Friday, August 16, 2002

WRITER: Heidi Murphy, 706/542-5172, hmurphy@uga.edu CONTACT: David Shipley, 706/542-7140, shipley@uga.edu


ATHENS, Ga. - The University of Georgia School of Law has appointed Daniel M. Bodansky to fill its prestigious Emily and Ernest Woodruff Chair in International Law. In addition, the school's faculty will be enhanced by a new assistant professor, a visiting professor and two legal research and writing instructors.

School of Law Dean David E. Shipley said the law school is delighted to be adding such a talented corps of teachers and scholars to the school's faculty. "Filling the Woodruff Chair with someone of Bodansky's caliber is a feather in our cap. The school's international program will be greatly enhanced by his presence," he said.

Bodansky, who is internationally recognized as the premier authority on global climate control, will teach public international law, international environmental law, and foreign affairs and the Constitution. Most recently from the University of Washington, he has served as climate control change coordinator and attorney-advisor for the U.S. Department of State. Bodansky has also been a consultant to the United Nations in the areas of climate change and trade and development.

Bodansky's scholarship includes over 21 publications, four book reviews and 24 papers and presentations. He received his Juris Doctor from Yale University in 1984, his master's from Cambridge University in 1981 and his bachelor's from Harvard University in 1979.

The first and last permanent holder of the Woodruff Chair was Louis B. Sohn, who retired in 1993. The chair was created by Emily and Ernest Woodruff to attract to the faculty of the Dean Rusk Center - - International, Comparative and Graduate Legal Studies scholars and statesmen of international rank who can carry on the significant work of the late Dean Rusk.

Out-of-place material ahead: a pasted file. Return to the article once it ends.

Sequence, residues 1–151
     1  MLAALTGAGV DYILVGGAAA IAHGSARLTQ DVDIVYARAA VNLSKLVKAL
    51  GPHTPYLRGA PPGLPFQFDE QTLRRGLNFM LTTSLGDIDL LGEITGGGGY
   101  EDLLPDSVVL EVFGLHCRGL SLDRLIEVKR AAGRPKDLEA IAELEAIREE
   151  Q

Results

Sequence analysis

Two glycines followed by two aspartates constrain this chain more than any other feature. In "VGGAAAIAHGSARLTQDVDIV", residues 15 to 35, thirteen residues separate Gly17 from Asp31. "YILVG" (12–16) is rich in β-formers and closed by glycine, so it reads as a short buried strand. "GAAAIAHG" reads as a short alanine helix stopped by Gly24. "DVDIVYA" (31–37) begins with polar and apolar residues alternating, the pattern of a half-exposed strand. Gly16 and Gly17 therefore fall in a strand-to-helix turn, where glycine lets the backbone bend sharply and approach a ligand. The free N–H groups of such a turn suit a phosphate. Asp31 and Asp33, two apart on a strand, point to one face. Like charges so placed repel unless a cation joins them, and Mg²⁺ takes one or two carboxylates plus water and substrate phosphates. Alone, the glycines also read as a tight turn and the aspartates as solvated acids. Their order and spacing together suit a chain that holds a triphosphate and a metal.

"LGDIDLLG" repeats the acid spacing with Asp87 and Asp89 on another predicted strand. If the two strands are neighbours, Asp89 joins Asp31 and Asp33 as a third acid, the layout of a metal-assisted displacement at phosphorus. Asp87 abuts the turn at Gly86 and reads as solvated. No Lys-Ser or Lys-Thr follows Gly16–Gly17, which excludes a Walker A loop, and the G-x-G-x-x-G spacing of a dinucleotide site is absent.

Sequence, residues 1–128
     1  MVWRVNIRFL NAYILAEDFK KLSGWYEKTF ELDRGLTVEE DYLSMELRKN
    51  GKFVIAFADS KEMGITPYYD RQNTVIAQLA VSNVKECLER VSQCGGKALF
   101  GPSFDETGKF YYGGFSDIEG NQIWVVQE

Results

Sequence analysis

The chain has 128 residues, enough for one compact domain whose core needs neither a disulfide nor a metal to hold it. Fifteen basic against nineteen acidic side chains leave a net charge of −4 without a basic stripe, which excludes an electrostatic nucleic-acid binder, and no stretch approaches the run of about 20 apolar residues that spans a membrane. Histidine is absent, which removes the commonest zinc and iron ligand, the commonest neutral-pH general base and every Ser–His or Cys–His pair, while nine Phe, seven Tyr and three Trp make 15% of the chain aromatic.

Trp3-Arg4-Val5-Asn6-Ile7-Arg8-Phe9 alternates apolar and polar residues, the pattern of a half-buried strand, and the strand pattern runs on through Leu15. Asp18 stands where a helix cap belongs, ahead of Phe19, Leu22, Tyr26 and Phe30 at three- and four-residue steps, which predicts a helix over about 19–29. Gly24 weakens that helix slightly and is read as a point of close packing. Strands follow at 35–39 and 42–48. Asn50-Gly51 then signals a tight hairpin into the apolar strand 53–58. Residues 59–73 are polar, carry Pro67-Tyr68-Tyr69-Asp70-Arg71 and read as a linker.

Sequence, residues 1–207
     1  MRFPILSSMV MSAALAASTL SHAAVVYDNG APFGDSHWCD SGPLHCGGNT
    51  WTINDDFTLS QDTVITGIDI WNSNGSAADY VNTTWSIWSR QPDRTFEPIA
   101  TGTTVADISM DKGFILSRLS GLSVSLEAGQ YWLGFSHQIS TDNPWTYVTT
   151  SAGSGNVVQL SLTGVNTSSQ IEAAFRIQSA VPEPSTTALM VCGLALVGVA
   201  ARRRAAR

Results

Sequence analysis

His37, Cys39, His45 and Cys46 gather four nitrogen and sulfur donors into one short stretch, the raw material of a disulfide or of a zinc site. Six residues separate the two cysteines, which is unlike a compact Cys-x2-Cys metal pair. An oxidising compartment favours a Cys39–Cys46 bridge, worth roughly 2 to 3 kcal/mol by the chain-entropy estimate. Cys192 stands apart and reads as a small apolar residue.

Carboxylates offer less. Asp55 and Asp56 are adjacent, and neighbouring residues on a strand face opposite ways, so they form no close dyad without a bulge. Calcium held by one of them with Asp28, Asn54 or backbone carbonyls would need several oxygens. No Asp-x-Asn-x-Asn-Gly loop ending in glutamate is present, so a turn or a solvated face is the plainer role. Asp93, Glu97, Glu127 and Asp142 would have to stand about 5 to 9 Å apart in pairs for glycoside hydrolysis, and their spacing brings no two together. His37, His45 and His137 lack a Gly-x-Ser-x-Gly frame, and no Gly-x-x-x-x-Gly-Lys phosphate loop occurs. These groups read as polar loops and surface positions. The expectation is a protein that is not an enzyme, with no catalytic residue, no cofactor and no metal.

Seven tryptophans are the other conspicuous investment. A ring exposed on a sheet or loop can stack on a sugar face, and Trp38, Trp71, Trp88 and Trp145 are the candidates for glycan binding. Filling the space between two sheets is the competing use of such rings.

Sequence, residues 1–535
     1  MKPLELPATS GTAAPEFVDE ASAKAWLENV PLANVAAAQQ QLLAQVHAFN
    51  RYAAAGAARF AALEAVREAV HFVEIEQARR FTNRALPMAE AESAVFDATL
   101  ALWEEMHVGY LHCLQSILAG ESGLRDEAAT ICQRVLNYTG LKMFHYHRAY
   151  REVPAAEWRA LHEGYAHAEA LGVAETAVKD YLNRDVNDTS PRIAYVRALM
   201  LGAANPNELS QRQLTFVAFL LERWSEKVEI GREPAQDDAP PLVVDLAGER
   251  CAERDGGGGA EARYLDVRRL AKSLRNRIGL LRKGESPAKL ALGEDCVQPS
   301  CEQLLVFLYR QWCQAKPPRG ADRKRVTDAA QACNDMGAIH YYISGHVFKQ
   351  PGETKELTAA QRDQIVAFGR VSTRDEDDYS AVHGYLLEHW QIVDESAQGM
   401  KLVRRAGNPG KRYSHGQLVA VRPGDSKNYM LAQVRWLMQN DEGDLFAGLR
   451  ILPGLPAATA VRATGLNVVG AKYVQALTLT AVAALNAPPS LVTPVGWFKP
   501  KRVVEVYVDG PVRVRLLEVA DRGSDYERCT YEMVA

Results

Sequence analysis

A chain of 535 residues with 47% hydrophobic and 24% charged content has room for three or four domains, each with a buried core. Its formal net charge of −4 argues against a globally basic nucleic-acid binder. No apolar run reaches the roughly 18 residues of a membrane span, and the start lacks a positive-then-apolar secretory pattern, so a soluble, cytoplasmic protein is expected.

Lonnie T. Brown Jr. will assume the position of assistant professor teaching civil procedure and legal profession. He previously taught at the universities of Illinois, Vanderbilt and Emory. He practiced law as a partner at Alston & Bird LLP in Atlanta and was a law clerk for Judge William C. O'Kelley of the U.S. District Court for the Northern District of Georgia.

Brown received his Juris Doctor from Vanderbilt in 1989, his bachelor's degree from Emory in 1986 and studied at Oxford University during the summer of 1985. "Lonnie Brown is a fine teacher and first-rate scholar," Shipley said. "We are pleased we were able to lure him away from Illinois to become a part of our faculty."

Also joining the faculty at the law school is assistant professor Kristen D.A. Carpenter. Visiting from Stetson University, Carpenter will teach courses in contracts, evidence and jurisprudence. She formerly practiced with Alston & Bird LLP and Altman, Kritzer & Levick, P.C., in Atlanta.

Carpenter earned a Master of Laws from Yale University in 2000, a Juris Doctor from Emory University in 1995 and a bachelor's degree from Rice University in 1992. Shipley said Carpenter will enhance the school's offerings in the areas of contracts and evidence. "She will bring a fresh perspective to these areas of law for our students."

The final additions to the law school's teaching corps for 2002-03 are Pennie Peck and Travis M. Trimble. Both will serve as legal research and writing instructors.

Peck was an associate with Paul, Hastings, Janofsky & Walker, LLP, in Atlanta, and Baker Botts, L.L.P., and Jackson Walker, L.L.P., both in Dallas, Tex. She earned her Juris Doctor and Master of Business Administration from Southern Methodist University. Peck's undergraduate degree is from Texas A&M University.

Trimble served as an attorney at Anderson, Walker & Reichert in Macon prior to joining the School of Law. He obtained his Juris Doctor from UGA, his master's from the University of North Carolina and his bachelor's from Mercer University. "Pennie and Travis will be strong legal research and writing instructors. They will help our first-year students develop the critical writing skills they will need for success in their future legal careers," Shipley said. ##